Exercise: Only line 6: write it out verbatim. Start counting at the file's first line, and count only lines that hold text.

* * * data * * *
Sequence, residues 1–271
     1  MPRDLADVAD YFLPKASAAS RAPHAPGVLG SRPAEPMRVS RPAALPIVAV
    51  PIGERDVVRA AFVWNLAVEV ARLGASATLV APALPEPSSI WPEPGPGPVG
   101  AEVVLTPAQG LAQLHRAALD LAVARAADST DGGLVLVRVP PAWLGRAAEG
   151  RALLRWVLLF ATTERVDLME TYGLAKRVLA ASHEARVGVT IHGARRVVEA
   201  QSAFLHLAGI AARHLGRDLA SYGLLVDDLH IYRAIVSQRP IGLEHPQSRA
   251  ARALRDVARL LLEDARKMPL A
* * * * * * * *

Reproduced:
   201  QSAFLHLAGI AARHLGRDLA SYGLLVDDLH IYRAIVSQRP IGLEHPQSRA